While there is complete agreement amongst scientists and medical professionals that vaccination is of great benefit to individuals and to the community as a whole, Leila says that she can see both sides of the debate.
"I believe we should be allowed to choose what we want injected into our children. Many of the mothers that have chosen not to vaccinate that wrote in to me stated that they are not anti-vax but that they are infact pro-choice. Many of them stated that they just want safer vaccines for their children," Leila explained to Kidspot.
But bringing the issue up and giving equal weight to both sides of the argument is irresponsible at best and outright reprehensible at worst.
Dr Brad McKay, a Melbourne based GP and medical commentator, told Kidspot the arguments against vaccination have been well and truly disproven, and that anti-vaxxers rely on rumour and misinformation.
"The chance of having anything going wrong with a vaccine is very very low. Any medication, any vaccine that we give can potentially have concerns. But the concerns are very, very miniscule in comparison to the complications that can happen from the infections that we're preventing kids from getting.
Dr McKay said that arguments against vaccination should not be given equal weight in the debate.
"It's fine for people to have opinions, but when they're not backed up by science that's just opinions. The vast majority of the world, parents, scientists, doctors, health professionals, the vast majority of everyone agrees that vaccinations work, that they're effective and that they're safe," he said.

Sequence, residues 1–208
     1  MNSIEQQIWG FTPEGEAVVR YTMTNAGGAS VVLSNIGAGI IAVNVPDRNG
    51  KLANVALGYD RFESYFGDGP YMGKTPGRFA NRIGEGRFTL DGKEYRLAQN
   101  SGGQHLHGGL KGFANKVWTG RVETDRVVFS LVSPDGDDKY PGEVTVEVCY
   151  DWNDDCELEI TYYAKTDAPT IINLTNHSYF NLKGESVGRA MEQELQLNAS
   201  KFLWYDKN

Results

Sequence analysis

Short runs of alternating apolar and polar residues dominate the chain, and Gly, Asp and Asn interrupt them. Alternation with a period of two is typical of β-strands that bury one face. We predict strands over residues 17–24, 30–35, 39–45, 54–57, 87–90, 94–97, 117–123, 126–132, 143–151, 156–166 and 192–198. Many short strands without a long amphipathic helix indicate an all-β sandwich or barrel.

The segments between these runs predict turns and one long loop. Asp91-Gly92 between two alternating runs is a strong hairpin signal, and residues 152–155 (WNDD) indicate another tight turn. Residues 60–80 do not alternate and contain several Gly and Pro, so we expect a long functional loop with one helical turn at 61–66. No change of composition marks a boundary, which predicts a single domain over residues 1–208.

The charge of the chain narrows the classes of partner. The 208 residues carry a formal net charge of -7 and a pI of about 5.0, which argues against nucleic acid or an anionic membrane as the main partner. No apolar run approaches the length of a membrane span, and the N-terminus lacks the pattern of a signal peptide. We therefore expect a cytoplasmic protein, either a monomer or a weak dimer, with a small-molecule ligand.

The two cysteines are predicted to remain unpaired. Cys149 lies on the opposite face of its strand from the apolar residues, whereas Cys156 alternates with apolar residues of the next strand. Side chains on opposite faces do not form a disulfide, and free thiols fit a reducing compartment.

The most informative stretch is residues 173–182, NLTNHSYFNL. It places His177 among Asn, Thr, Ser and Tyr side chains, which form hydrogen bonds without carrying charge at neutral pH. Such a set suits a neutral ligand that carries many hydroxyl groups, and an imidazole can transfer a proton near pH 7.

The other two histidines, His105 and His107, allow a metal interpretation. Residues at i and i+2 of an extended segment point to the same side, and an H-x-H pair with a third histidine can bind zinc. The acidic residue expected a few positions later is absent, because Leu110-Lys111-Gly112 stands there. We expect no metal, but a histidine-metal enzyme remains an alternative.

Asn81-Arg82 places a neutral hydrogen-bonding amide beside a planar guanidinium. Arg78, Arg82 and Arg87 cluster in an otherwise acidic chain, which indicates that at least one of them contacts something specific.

Opinions, Dr McKay said, "should never be given even weight to the vast, overwhelming information and research that shows the effectiveness and safety of vaccinations."
As one commenter on Instagram said, "Honestly. If you have to choose between a bad reaction and, say, polio, there really shouldn't be a debate."
Leila explained that she raised the issue because she feels if more people were educated about vaccination then the immunisation rates would be much better.
"I feel more than ever after all of this that we should ask questions and that more importantly that we should not feel ashamed for speaking out and saying 'I want to know more'," Leila told Kidspot.
Immunisation has been the subject of health promotion campaigns for decades. But there's no doubt that things have ramped up significantly in recent times.